to be bitter

I gather
strength upon
back bone
desperate
to get the
tune right
to lure
you
to me

the smell of
your air
is rotten
is familiar
is perhaps
the same as
my own

don’t leave
this town
not yet
chance is still
hanging on
your words
unlocked
headlights
in the rain

I try
to love you
better

The Fatigue

By Gina Marselle

“I am not afraid of storms for I am learning how to sail my ship.” ~Louisa May Alcott

The fatigue is real.
Inevitable,
like a ship sinking
or falling red wood.

My eyelids must close.
Even as I write.
I have to stop.
Place my pen down.

On the pillow
my head caves.
My body curves
into a fetal position.

Meds to high.
Meds to low.
Autoimmune
has a mind of her own.

Sadly, they come in pairs.
With marching orders:
“Take her down.”
“Be invisible so others don’t know.”

Napping is for babies.
But I am a mother of a 22 year old,
A nine year old. Nap I must.
Why does my body betray?

I sit so quiet. Eyes closed.
Meditate like still clouds in the sky.
I am the storm.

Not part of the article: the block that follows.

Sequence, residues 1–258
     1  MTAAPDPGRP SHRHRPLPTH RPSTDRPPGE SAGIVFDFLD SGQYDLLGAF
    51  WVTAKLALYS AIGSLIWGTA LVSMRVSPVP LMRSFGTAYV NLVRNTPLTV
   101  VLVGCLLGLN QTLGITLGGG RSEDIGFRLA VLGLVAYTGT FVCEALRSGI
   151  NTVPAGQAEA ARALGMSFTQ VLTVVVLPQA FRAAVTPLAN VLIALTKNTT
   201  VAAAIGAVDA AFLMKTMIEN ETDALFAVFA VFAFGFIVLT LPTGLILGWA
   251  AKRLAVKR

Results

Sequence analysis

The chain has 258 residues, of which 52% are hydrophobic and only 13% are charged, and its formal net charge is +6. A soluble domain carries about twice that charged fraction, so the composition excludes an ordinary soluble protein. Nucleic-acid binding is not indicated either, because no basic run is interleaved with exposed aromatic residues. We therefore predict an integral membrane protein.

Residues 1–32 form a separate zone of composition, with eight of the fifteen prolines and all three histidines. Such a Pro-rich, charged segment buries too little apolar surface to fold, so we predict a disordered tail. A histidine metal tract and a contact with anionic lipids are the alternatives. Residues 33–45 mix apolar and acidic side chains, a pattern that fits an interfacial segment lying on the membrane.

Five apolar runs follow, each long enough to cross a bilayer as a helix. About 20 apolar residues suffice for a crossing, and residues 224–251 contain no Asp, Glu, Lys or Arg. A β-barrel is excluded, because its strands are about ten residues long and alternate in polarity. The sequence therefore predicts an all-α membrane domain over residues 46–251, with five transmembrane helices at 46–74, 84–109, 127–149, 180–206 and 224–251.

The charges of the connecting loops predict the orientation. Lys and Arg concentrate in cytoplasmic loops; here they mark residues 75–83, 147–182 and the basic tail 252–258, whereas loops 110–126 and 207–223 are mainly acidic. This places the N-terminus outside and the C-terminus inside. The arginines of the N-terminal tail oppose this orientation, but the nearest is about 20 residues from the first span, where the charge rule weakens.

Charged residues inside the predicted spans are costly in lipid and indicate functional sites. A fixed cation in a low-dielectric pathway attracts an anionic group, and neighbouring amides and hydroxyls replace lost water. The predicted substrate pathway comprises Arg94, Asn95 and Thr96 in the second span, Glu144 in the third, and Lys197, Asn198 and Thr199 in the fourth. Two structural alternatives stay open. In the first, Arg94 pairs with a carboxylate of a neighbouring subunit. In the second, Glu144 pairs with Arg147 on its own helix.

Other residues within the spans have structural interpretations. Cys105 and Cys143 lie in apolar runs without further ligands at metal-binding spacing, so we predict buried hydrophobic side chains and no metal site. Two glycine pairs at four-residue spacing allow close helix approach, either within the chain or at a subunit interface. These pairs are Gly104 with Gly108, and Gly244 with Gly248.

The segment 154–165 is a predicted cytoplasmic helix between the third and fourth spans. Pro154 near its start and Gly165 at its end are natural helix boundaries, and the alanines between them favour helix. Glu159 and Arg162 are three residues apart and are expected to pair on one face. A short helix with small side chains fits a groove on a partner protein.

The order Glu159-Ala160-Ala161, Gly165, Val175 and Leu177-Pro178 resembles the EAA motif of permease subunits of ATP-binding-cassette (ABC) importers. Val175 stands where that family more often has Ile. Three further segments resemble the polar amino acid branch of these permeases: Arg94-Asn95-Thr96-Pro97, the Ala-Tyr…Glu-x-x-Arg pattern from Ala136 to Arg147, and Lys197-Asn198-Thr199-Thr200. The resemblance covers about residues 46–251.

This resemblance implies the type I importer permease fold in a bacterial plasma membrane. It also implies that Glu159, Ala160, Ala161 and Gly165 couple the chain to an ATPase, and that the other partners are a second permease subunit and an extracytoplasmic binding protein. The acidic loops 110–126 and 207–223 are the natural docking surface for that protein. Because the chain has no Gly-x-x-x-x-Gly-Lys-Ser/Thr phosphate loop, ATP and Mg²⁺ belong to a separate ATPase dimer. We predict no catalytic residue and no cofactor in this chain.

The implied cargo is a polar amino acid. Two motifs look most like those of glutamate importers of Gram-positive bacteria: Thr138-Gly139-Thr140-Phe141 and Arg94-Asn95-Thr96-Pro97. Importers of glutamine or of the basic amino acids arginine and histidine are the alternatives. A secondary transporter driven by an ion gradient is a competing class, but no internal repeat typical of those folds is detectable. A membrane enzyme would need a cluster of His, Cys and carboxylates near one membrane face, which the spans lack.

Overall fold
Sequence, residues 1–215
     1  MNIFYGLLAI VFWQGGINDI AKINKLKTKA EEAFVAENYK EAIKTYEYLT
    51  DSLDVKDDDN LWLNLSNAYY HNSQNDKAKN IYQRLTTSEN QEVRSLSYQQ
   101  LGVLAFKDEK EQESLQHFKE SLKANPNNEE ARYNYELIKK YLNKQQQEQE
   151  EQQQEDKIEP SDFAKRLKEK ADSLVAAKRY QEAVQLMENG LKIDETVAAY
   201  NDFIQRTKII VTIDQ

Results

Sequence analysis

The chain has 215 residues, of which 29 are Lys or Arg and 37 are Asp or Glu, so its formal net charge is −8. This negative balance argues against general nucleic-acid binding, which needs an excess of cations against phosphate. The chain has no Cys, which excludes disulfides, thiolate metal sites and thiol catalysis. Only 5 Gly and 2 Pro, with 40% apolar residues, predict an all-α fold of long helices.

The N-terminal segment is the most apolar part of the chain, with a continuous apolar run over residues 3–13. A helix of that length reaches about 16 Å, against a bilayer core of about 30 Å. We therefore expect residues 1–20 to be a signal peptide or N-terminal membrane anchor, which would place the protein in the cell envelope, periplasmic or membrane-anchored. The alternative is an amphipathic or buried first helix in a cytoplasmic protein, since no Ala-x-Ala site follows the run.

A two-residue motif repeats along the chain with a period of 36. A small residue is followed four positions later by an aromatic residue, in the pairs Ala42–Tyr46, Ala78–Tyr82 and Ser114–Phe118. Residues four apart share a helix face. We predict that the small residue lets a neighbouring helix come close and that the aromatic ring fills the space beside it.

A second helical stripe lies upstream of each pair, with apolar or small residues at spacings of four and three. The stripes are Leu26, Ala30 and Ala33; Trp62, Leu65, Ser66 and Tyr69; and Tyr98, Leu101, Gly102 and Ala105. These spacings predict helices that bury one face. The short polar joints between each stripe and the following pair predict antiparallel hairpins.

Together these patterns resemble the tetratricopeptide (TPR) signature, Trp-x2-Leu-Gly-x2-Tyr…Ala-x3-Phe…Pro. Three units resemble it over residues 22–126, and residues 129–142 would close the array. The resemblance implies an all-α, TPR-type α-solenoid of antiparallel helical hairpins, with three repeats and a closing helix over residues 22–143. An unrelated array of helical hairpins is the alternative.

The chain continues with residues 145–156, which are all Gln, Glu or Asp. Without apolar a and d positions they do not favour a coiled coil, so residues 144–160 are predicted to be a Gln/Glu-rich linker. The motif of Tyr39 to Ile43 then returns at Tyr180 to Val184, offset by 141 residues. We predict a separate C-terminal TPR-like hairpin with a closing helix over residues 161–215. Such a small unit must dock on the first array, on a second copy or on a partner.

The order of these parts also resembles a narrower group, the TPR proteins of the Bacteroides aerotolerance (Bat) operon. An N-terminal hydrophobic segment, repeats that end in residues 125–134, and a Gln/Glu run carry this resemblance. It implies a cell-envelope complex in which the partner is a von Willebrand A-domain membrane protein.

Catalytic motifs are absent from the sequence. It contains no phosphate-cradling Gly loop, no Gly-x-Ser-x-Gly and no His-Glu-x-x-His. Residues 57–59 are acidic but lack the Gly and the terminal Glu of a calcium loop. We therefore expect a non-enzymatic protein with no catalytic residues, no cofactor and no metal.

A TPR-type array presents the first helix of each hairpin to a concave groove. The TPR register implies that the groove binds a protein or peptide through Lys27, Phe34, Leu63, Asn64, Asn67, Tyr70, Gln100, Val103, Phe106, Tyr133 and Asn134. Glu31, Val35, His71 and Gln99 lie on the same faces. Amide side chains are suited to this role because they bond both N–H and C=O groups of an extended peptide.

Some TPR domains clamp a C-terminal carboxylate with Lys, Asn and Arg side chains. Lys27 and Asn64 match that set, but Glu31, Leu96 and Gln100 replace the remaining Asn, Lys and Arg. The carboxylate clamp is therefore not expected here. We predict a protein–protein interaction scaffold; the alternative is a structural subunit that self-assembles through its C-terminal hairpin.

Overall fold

Wounded, but not defeated.

Fighting for a quality of life
that is more than
one foot in the grave.
That isn’t lead by anxiety & depression.

It is always exhausting—
to the point I am just alone.
No one wants to be around that doom.
It’s okay! Look away.

Turn the page. Walk away.
Forgotten–
like desert dust
after a monsoon.

I am not offended.
I don’t even want
to do anything anyway.
I may cancel our planned coffee date.

I may call to just cry.
There is nothing you can do,
but I sure appreciate
just knowing you care.


>Did you know:

“Nearly 4% of the world’s population is affected by one of more than 80 different autoimmune diseases, the most common of which include type 1 diabetes, multiple sclerosis, rheumatoid arthritis, lupus, Crohn’s disease, psoriasis and scleroderma.